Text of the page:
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news:kic_10526294_a_slowly_rotating_b_star_with_rotationally_split_quasi-equally_spaced_gravity_modes [2015/01/20 10:36] (current)
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 +**Rosa van Heesch**, Radboud University, Nijmegen.
 +Monday 26 January 2015, 4pm,  HG00.062
 +**KIC 10526294: a slowly rotating B star with rotationally split, quasi-equally spaced gravity modes**
 +P. I. Pápics, E. Moravveji, C. Aerts, A. Tkachenko, S. A. Triana, S. Bloemen, J. Southworth
 +(Submitted on 10 Jul 2014 (v1), last revised 24 Jul 2014 (this version, v2))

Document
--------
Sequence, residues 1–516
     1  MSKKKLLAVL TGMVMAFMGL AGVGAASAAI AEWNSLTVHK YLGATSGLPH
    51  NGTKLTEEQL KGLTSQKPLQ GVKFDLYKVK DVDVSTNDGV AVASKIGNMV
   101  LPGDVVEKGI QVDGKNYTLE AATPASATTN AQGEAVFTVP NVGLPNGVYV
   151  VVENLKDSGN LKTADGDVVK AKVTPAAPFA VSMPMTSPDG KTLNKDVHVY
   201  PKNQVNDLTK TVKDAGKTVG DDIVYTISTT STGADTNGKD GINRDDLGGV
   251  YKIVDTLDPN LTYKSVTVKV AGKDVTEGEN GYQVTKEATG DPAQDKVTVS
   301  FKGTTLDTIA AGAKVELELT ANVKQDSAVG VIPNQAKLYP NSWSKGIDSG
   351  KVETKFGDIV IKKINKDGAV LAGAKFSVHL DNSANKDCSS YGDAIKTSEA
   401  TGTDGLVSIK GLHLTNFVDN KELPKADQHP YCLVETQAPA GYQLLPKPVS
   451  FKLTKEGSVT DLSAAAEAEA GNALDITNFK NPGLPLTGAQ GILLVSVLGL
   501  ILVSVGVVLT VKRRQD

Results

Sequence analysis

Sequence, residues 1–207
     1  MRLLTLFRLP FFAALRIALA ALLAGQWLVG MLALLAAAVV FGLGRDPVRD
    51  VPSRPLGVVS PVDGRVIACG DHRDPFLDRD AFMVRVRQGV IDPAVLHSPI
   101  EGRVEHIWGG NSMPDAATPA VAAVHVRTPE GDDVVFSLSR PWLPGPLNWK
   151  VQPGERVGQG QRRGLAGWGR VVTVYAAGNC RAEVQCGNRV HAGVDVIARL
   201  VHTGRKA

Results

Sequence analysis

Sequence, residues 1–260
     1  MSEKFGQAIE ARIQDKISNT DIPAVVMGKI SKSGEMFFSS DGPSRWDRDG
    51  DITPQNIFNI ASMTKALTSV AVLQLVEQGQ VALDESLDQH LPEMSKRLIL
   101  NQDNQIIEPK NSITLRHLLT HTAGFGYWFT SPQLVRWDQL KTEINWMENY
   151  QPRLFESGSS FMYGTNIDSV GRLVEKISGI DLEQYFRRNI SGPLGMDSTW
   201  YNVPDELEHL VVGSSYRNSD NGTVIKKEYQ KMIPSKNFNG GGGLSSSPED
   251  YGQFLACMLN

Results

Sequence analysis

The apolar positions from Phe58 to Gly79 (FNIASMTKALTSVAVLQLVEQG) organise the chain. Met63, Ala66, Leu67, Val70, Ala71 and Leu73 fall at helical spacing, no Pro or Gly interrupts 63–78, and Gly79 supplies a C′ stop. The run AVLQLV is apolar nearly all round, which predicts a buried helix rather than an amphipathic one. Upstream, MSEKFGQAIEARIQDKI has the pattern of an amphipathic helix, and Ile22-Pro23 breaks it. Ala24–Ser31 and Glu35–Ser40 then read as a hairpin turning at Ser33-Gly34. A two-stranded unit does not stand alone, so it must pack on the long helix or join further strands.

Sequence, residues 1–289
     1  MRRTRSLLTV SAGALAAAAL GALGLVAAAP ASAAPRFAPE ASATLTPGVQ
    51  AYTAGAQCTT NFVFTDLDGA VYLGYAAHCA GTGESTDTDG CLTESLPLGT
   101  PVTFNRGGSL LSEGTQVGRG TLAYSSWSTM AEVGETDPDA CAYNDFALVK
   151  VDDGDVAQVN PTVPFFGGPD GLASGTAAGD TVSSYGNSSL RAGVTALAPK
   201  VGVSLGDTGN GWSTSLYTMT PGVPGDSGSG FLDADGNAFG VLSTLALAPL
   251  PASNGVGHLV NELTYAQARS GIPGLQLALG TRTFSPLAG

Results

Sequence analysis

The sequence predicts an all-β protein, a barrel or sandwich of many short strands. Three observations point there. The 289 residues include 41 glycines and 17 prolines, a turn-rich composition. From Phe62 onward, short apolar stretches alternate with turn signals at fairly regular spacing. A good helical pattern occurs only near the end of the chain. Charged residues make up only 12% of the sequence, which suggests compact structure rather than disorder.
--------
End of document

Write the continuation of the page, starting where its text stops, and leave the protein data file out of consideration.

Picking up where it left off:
+Massive stars are important for the chemical enrichment of the universe. Since internal mixing processes influence their lives, it is very important to place constraints on the corresponding physical parameters, such as core overshooting and the internal rotation profile, so as to calibrate their stellar structure and evolution models. Although asteroseismology has been shown to be able to deliver the most precise constraints so far, the number of detailed seismic studies delivering quantitative results is limited. Our goal is to extend this limited sample with an in-depth case study and provide a well-constrained set of asteroseismic parameters, contributing to the ongoing mapping efforts of the instability strips of the beta Cep and SPB stars. We derived fundamental parameters from high-resolution spectra using spectral synthesis techniques. We used custom masks to obtain optimal light curves from the original pixel level data from the Kepler satellite. We used standard time-series analysis tools to construct a set of significant pulsation modes that provide the basis for the seismic analysis carried out afterwards. We find that KIC 10526294 is a cool SPB star, one of the slowest rotators ever found. Despite this, the length of Kepler observations is sufficient to resolve narrow rotationally split multiplets for each of its 19 quasi-equally spaced dipole modes. The number of detected consecutive (in radial order) dipole modes in this series is higher than ever before. The observed amount of splitting shows an increasing trend towards longer periods, which - largely independent of the seismically calibrated stellar models - points towards a non-rigid internal rotation profile. From the average splitting we deduce a rotation period of ~188 d. From seismic modelling, we find that the star is young with a central hydrogen mass fraction X_c>​0.64;​ it has a core overshooting alpha_ov<​=0.15.